In the downstream, India is already a major producer and net exporter of refined petroleum products, with output of close to 5 mb/d, according to our latest Monthly Oil Market Report.

As a large oil consumer, India thus shares with OPEC, and with oil producers and consumers around the world, a common interest in oil market stability on a sustainable basis.

Along with other oil producers, we have all seen that constructive dialogue and flexible cooperation can play an important role in maintaining stable oil markets.

The historic ‘Declaration of Cooperation’ signed by 24 countries demonstrated that, with firm resolve and broad consensus, the instability seen in the oil markets, as well as the sharp contraction of investments in the industry, the multiplier effect that low oil prices have had on deflation, and the acute financial stress of companies and steep reductions in export revenues of producing countries, all of which have characterized the current and most vicious of all oil cycles, could be overcome.

Given recent data, it is clear that the efforts of OPEC and non-OPEC producers to conform to the production adjustments of the ‘Declaration’ have been fruitful and worthwhile.  Let me share with you the key oil market highlights from our latest Monthly Oil Market Report:

The global economic recovery has gained traction. OECD economic growth in the 1H17 was better than expected.  Moreover, the good momentum and the potential tax reform in the US, the ongoing dynamic in the Euro-zone and, to some extent, in Japan, solid growth in China and India and an improving situation in Russia are all lifting the growth forecast to 3.6% in 2017 and 3.5% in 2018.

The global oil demand growth in 2017 is better than expected – to grow at 1.45 mb/d – and the demand outlook for 2018 is anticipated to be quite robust at similar levels – of above 1.4 mb/d.

The commercial oil stocks in the OECD have continued to fall.  At the start of 2017, the OECD stock overhang was at 338 mb above the five-year average.  This has since then fallen by 167 mb at a faster pace –  by 130 mb alone during the last five months – which was attributed mainly to high conformity levels, above 100%, of participating OPEC and non-OPEC countries, and stronger oil demand in the second half of the year. The overhang in stocks nevertheless stood at 171 mb for the month of August.  Of this, 146 mb constitutes crude and 25 mb products, almost converging with the five-year average.

In addition, floating storage has also been on a declining trend during the first eight months of 2017 and is down by an estimated 40 mb since the start of the year, supported by a narrowing contango.  In fact, Brent has flipped into backwardation for the first time since the second half of 2014.

Just a few days ago, I attended first Russian Energy Week in Moscow, where I shared a speaking platform with President Vladimir Putin, and held talks on oil market developments with Alexander Novak, Minister of Energy of the Russian Federation, Khalid Al-Falih, Saudi Arabia’s Minister of Energy, Industry and Mineral Resources and also the President of the OPEC Conference, as well as other OPEC and non-OPEC Ministers, all of whom are part of the historic ‘Declaration of Cooperation’.  The statements reaffirmed the broader commitment to joint action by all for the market stability beyond the short-term.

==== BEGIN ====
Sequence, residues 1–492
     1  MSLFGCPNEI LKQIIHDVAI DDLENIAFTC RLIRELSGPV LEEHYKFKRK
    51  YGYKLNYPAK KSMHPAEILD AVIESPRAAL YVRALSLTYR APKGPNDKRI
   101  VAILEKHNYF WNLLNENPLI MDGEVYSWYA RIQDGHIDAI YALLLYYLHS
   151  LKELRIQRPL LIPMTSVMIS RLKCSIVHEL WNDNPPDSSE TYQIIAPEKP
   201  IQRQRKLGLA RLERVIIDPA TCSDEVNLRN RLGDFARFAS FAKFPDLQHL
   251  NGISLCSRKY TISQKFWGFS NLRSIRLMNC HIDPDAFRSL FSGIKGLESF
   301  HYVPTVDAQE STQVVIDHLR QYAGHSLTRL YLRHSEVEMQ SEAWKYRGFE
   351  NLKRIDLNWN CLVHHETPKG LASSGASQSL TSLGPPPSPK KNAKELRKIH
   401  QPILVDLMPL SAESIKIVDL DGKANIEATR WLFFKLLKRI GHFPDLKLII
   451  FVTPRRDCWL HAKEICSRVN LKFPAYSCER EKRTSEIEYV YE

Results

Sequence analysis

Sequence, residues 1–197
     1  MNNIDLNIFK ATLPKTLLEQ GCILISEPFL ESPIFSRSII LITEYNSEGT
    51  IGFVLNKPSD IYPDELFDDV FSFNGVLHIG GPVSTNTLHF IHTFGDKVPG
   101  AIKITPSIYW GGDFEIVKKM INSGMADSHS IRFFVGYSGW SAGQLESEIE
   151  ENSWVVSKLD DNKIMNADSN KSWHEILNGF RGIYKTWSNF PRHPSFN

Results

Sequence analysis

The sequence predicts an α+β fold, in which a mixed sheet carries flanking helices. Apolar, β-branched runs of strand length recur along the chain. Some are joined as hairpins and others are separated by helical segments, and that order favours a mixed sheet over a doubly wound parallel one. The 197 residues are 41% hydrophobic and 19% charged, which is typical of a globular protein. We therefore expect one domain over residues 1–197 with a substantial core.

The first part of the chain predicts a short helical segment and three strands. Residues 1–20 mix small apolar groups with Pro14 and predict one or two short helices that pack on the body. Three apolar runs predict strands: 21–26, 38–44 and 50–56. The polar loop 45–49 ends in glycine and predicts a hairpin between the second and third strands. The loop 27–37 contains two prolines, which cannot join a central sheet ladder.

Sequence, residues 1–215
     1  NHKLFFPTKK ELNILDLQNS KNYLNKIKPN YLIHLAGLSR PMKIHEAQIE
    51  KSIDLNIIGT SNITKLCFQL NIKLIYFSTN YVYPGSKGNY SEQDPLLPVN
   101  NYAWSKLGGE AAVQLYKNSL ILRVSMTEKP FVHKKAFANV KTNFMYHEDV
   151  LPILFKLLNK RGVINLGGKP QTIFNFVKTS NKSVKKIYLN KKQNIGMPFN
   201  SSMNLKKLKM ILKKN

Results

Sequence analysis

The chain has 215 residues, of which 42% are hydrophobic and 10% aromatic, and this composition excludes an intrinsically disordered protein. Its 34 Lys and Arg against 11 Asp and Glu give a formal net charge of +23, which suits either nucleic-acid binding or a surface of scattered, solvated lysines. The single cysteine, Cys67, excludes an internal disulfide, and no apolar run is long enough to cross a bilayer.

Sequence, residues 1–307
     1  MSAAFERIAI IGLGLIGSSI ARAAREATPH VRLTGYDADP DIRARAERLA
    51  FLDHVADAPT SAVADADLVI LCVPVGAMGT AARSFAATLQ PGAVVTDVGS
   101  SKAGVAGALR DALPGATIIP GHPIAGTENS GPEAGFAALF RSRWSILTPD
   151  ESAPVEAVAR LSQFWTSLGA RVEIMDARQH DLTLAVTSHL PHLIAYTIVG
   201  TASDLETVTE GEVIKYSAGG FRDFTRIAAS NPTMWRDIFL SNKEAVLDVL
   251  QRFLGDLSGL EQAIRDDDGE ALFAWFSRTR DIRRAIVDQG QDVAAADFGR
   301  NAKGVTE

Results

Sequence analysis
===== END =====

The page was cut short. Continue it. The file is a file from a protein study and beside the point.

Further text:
We all remain confident that the recent extension of the terms of the ‘Declaration’ – through to early 2018 – is already accelerating the rebalancing process as confirmed by the latest monthly data.

The oil supply and demand variables are fast returning to balance after a record three years of unprecedented downturn, as evidenced by the continuously positive fundamentals, due largely to the full and timely implementation of supply adjustments by OPEC and non-OPEC countries.

Emerging from this most vicious of all oil cycles, the need to sustain the rebalanced market in the medium- to long-term, some extra-ordinary measures could be considered by countries participating in ‘the Declaration of Cooperation’, including expanding the membership.  This is a shared responsibility of all producers, be they conventional or non-conventional, short- or long-cycle investors.  We all, at the end of the day, when all is said and done, belong to the same industry and operate in the same markets.  We urge our friends in the shale basins of North America to take this shared responsibility with all the seriousness it deserves, as one of the key lessons learnt from the current, unique supply-driven cycle.

Excellencies, ladies and gentlemen,

The IOCs, independent oil companies and others have reduced their investments by more than 50% during two consecutive years in 2015 and 2016.  However, NOCs have not only weathered the storm from the downturn but have also bravely continued investing across the supply chain.  In this way, OPEC will continue to be a dependable and reliable supplier of first choice to rapidly growing countries like India.

OPEC has a vested interest in the sustained healthy economic growth and prosperity of India.

Thank you for your attention.

HE Mohammad Sanusi Barkindo, OPEC Secretary General, delivers his remarks at the India Energy Forum

HE Mohammad Sanusi Barkindo, OPEC Secretary General, delivers his remarks at the India Energy Forum

(r-l) HE Mohammad Sanusi Barkindo, OPEC Secretary General; HE Dharmendra Pradhan, India's Minister of Petroleum and Natural Gas; and Mr. Daniel Yergin, Vice Chairman, IHS Markit, and Chairman of CERAWeek

(r-l) HE Mohammad Sanusi Barkindo, OPEC Secretary General; HE Dharmendra Pradhan, India's Minister of Petroleum and Natural Gas; and Mr. Daniel Yergin, Vice Chairman, IHS Markit, and Chairman of CERAWeek

HE Barkindo, OPEC Secretary General (r) with Mr. Yergin, Vice Chairman, IHS Markit, and Chairman of CERAWeek

HE Barkindo, OPEC Secretary General (r) with Mr. Yergin, Vice Chairman, IHS Markit, and Chairman of CERAWeek